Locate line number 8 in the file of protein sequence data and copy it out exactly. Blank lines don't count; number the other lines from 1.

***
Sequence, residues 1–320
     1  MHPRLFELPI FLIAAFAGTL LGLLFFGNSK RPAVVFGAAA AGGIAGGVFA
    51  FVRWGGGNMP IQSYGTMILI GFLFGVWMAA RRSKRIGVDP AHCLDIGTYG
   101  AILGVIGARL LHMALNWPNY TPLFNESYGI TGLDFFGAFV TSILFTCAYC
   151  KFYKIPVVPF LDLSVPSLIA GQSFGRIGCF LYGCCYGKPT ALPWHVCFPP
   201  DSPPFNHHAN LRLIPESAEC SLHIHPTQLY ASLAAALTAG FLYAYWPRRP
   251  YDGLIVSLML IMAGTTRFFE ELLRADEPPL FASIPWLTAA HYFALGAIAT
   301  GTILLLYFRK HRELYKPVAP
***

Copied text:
   301  GTILLLYFRK HRELYKPVAP